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UN to launch fresh appeal for Pakistan flood victims

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UN to launch fresh appeal for Pakistan flood victims
A boy displaced because of the floods, sleeps as his family takes refuge in a school, following rains and floods during the monsoon season, in Karachi, Pakistan September 23, 2022. —Reuters
A boy displaced because of the floods, sleeps as his family takes refuge in a school, following rains and floods during the monsoon season, in Karachi, Pakistan September 23, 2022. —Reuters
  • UN official says Pakistan situation worrying.
  • Children facing hunger in flood-affected areas.
  • UN urges World Bank, Asian Development Bank to come forward.

ISLAMABAD: The United Nations will launch a fresh appeal next week for Pakistan flood victims, saying its initial $160 million appeal was insufficient to meet the country’s needs.

Devastating floods engulfed large swathes of Pakistan this month, killing more than 1,600 people and devastating the country’s infrastructure to cause damages estimated nearly at $30 billion.

Speaking at a ceremony in Islamabad, Julien Frederic Morcom-Harneis, the United Nations resident coordinator and humanitarian coordinator in Pakistan, said that the situation in flood-affected areas is worrying where waterborne diseases and skin infections are increasing.

“Children are facing hunger. Clean drinking water is not available besides health and food problems in these areas.”

Julien Harneis said that the UN appeal of $160 million appeal was insufficient and the world body will launch a new one on October 4 in Geneva which will be for the next six months.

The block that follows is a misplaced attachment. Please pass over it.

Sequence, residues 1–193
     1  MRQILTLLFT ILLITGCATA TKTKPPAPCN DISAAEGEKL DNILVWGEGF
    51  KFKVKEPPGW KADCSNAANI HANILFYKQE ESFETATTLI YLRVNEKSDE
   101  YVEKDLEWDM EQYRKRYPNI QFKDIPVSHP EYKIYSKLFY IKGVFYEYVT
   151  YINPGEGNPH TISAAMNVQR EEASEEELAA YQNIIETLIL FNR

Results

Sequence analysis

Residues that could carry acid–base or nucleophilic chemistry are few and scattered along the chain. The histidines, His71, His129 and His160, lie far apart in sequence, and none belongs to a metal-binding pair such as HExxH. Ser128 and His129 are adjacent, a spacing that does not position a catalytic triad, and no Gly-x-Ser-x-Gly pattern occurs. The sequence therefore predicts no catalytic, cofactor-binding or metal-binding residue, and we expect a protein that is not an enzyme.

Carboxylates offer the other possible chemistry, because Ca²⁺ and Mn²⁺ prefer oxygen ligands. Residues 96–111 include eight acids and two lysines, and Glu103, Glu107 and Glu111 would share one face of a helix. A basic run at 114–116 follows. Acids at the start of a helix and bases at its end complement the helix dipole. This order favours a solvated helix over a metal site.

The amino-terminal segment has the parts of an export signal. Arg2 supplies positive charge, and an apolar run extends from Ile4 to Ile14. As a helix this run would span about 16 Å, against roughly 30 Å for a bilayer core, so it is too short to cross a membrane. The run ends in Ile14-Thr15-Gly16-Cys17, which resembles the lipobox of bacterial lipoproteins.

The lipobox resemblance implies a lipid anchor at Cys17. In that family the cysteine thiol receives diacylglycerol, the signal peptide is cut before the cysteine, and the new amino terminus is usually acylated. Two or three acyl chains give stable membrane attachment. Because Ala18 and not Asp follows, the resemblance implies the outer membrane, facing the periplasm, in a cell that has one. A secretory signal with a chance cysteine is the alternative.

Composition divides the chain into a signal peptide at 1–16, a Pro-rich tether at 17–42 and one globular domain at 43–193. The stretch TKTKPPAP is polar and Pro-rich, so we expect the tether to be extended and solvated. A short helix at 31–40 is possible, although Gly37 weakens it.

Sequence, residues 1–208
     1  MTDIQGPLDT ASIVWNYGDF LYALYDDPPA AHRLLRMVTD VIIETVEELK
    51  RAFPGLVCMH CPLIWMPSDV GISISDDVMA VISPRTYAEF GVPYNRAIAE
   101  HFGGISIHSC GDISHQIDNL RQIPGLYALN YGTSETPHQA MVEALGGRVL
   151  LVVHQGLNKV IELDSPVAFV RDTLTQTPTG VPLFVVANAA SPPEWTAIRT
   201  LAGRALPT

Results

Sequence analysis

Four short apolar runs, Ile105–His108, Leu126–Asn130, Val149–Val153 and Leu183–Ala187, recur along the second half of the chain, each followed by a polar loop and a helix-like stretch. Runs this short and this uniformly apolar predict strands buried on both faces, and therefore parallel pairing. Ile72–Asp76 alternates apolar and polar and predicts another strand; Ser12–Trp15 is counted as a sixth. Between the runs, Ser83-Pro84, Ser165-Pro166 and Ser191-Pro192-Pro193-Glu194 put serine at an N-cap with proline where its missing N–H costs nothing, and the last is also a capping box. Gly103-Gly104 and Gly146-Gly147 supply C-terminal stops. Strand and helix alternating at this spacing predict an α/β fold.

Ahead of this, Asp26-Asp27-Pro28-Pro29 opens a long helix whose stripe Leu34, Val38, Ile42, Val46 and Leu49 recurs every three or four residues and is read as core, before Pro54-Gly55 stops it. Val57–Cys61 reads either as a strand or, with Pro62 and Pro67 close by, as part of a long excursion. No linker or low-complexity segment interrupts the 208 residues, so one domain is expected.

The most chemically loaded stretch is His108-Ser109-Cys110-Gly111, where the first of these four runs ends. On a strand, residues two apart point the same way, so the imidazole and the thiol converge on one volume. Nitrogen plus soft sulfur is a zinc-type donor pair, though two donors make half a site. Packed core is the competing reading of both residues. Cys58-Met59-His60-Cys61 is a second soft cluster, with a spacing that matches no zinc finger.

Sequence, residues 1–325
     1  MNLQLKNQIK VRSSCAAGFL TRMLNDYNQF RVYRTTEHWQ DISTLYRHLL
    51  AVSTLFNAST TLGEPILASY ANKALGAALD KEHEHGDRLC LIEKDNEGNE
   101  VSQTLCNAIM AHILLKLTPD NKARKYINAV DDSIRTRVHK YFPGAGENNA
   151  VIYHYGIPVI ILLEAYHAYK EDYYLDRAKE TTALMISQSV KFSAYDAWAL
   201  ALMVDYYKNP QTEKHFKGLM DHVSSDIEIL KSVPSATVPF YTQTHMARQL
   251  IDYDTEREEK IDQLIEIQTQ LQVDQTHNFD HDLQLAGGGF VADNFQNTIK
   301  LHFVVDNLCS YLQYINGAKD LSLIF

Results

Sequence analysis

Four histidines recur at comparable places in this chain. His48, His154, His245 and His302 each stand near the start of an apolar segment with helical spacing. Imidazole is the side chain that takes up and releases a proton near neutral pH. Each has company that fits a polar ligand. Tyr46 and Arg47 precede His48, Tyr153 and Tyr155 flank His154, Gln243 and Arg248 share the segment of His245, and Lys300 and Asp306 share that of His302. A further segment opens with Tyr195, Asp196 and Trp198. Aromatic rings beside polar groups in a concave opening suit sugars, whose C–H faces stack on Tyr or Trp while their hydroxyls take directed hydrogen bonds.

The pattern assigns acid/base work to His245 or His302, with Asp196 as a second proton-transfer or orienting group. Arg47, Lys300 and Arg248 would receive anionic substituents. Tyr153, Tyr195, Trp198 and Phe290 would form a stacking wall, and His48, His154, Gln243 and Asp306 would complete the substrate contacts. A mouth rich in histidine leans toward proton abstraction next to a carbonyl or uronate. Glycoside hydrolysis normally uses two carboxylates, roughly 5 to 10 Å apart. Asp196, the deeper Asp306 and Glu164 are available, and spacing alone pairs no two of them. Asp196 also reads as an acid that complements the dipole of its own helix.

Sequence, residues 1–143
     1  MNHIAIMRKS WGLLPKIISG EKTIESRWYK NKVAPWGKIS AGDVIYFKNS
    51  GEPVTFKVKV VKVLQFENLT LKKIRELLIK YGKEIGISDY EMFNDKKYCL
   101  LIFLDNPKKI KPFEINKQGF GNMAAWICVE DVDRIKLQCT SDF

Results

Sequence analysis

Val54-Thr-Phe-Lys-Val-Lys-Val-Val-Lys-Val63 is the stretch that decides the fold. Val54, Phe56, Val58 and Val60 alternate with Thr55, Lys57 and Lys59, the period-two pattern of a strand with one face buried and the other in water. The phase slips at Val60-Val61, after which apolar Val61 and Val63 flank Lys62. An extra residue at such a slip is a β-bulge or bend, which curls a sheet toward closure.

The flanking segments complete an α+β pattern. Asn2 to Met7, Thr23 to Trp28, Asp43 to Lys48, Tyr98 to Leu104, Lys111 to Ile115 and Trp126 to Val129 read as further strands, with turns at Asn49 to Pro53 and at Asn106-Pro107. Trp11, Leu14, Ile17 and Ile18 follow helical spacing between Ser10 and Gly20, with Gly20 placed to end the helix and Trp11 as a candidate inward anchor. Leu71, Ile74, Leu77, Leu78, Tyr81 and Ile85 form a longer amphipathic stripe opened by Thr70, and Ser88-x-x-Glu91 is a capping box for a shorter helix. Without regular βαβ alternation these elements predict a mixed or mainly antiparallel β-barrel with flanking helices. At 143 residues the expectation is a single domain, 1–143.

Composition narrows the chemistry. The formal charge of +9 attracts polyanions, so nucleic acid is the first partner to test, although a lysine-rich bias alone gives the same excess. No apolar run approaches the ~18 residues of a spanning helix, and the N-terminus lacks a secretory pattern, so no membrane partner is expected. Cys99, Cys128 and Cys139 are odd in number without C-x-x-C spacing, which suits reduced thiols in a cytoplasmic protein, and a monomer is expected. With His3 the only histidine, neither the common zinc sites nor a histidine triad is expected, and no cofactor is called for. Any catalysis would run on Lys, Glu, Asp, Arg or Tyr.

“We will appeal for life-saving drugs along with our partners. The reconstruction and rehabilitation phase will come later.”

He urged the World Bank, Asian Development Bank and international organisations to come forward and help in rehabilitation work.

The UN official said that they are working with the Sindh and Balochistan lawmakers in flood-ravaged areas.

As many as 1,678 people have been killed in flash floods, including more than 600 children and 300 women, according to the country’s disaster management agency.

Apart from the lives lost, more than two million people’s houses have been destroyed, and over one million livestock — a major source of income for rural households — have been lost in the floods.

Non-governmental organisations are working in flood-affected areas, while aid from the international community is also trickling in gradually, but it is yet to cushion the catastrophe’s damage.

The floods have also raised questions on whether Pakistan will be able to pay its debts on time, with the local currency weakening against the dollar and forex reserves diminishing over time.

In this regard, Prime Minister Shehbaz Sharif and Foreign Minister Bilawal Bhutto-Zardari have sought climate justice to compensate for the destruction as the disaster was climate-induced — and Pakistan produces one of the lowest carbon emissions in the world.

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